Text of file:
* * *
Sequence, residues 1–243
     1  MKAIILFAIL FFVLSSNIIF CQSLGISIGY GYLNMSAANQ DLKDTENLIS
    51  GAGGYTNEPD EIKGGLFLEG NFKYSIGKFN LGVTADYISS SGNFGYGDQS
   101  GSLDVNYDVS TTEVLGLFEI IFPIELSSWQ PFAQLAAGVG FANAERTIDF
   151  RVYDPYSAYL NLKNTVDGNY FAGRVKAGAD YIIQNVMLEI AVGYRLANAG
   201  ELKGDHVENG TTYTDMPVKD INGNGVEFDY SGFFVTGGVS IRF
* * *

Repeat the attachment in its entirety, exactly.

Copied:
Sequence, residues 1–243
     1  MKAIILFAIL FFVLSSNIIF CQSLGISIGY GYLNMSAANQ DLKDTENLIS
    51  GAGGYTNEPD EIKGGLFLEG NFKYSIGKFN LGVTADYISS SGNFGYGDQS
   101  GSLDVNYDVS TTEVLGLFEI IFPIELSSWQ PFAQLAAGVG FANAERTIDF
   151  RVYDPYSAYL NLKNTVDGNY FAGRVKAGAD YIIQNVMLEI AVGYRLANAG
   201  ELKGDHVENG TTYTDMPVKD INGNGVEFDY SGFFVTGGVS IRF